In certain cases, such as the Apis bull, the animal could even be a way to communicate the desires of the god. The Apis bull cult was the main source of this type of religious animal mummy in ancient Egypt, as most other animals were mummified in large quantities for religious offerings. This section does not cite any sources. Please help improve this section by adding citations to reliable sources.

Unsourced material may be challenged and removed. July Learn how and when to remove this template message The Apis bull cult is estimated to have originated as early as B. The earliest and largest of all animal cults, the Apis bull cult considered the bull to be a symbol of strength and fertility, representing the creator gods Ptah and Osiris.

Mummification was a key part in the worshipping of these animals. While alive, the bull would be housed in a special temple, lavishly pampered for its entire life. Priests believed that the Apis bull was a medium of communication between the two creator gods, so its movements were carefully observed and sometimes consulted as an oracle. These sacred animals were allowed to die a natural death unless they reached the age of 28, at which time they were killed.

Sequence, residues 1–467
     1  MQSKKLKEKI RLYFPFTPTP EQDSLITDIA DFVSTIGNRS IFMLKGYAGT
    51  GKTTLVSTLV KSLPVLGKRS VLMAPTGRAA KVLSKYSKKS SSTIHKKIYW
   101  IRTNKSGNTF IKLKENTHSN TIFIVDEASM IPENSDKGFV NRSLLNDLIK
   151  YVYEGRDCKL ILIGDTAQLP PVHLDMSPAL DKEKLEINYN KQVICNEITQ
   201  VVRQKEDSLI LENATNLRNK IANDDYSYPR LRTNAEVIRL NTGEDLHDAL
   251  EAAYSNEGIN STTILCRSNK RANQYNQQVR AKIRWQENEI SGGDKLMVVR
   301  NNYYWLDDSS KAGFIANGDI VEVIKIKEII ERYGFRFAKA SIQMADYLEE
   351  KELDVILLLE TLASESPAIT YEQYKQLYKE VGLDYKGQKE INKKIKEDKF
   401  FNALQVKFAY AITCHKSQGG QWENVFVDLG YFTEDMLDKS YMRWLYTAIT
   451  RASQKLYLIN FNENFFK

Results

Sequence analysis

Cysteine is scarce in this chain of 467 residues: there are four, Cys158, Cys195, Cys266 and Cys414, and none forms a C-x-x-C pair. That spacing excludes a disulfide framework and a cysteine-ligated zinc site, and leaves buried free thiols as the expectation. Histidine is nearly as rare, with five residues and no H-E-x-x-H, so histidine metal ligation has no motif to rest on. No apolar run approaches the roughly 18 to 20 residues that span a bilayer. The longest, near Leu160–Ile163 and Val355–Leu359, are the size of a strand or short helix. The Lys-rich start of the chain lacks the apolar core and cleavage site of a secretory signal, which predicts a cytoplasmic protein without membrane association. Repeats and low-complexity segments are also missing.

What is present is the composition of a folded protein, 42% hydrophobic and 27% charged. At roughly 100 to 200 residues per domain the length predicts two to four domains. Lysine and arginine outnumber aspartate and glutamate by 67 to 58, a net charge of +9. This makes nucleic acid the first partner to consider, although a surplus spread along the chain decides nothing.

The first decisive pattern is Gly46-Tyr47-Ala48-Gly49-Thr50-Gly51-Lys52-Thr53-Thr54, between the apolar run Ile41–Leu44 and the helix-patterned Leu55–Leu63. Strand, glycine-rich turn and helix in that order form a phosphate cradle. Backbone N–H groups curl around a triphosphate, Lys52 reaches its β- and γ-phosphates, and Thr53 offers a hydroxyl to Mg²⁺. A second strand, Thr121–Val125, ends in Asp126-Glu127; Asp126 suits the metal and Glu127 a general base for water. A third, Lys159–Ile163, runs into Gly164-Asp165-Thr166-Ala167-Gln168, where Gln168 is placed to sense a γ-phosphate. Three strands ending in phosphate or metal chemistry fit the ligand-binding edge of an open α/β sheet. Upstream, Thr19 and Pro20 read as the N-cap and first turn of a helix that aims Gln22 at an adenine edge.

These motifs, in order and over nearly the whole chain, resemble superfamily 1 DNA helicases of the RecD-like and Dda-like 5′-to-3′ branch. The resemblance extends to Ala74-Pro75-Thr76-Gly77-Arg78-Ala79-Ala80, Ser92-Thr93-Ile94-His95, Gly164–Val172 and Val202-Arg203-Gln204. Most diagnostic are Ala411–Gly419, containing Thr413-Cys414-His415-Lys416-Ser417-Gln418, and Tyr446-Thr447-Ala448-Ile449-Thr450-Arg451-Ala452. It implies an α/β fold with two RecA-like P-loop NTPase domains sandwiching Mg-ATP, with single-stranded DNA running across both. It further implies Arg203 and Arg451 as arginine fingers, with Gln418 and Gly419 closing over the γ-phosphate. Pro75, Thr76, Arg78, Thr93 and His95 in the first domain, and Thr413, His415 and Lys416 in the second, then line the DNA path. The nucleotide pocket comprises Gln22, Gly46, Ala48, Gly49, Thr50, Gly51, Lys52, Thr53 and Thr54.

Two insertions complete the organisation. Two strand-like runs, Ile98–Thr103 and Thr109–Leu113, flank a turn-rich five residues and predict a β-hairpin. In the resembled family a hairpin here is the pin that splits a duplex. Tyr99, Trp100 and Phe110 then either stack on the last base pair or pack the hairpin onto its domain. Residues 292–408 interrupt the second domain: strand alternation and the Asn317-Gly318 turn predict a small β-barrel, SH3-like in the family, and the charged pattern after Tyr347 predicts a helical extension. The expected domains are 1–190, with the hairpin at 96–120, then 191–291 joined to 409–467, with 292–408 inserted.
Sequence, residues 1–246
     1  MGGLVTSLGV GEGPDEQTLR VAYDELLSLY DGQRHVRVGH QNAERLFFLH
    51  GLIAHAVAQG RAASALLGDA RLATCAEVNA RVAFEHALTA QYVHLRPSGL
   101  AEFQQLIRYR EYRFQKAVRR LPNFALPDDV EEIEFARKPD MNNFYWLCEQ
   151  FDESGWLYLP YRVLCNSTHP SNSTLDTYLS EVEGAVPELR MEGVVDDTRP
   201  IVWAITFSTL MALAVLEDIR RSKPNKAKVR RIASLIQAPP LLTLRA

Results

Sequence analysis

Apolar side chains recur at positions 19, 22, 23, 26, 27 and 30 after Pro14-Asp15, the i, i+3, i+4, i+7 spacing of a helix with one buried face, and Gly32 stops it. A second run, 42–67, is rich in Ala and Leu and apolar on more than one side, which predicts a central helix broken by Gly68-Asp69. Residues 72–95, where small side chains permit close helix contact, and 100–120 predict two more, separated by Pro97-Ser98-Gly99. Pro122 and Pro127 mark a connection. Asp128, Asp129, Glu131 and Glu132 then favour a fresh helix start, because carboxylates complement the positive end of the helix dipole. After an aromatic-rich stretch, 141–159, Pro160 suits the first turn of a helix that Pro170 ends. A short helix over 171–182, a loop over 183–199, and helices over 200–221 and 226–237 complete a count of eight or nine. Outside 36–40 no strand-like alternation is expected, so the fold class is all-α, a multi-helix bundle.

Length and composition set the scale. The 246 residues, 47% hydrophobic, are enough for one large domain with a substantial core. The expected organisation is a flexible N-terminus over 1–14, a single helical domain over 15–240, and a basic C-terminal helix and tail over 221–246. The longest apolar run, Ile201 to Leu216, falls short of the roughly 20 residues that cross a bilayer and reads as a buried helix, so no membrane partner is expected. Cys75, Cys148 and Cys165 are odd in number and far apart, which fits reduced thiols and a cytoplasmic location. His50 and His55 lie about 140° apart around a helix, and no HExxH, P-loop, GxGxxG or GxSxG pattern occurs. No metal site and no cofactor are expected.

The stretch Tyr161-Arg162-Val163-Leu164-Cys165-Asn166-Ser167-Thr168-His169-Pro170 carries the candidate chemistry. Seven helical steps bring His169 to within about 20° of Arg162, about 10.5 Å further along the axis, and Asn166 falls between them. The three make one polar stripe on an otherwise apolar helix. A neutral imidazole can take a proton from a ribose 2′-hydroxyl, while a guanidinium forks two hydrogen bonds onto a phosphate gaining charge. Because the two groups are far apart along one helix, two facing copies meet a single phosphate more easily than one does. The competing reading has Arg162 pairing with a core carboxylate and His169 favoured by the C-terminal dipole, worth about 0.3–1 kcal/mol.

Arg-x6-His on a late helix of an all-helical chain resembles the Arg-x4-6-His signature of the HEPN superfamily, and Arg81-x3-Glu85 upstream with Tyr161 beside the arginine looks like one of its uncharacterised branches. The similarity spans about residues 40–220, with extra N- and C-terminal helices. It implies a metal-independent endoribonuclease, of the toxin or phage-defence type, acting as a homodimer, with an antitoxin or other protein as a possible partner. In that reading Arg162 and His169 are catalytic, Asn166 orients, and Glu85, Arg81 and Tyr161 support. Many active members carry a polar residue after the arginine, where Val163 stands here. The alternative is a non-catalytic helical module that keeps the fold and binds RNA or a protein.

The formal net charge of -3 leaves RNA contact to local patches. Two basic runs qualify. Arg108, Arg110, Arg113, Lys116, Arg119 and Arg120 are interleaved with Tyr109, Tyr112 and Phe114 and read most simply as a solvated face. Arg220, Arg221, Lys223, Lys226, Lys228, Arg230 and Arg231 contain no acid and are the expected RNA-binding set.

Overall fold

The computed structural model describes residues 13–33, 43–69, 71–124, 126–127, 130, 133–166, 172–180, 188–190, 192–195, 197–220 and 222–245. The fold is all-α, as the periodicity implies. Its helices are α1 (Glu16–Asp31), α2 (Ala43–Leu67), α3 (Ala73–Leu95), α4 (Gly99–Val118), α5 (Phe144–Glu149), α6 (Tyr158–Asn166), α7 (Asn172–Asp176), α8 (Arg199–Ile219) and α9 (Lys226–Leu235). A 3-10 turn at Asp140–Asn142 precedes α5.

When an Apis bull died, the entire country went into mourning. It was afforded an elaborate funeral and intricate burial procedures. Because the bulls were so large, the process of mummification was lengthy and complicated. Enormous alabaster embalming tables were constructed at Memphis , the center of the cult. They were complete with engravings and fluid drainage channels. After the funerary ceremonies, the bull would be transported to these tables where it would be strapped to the table.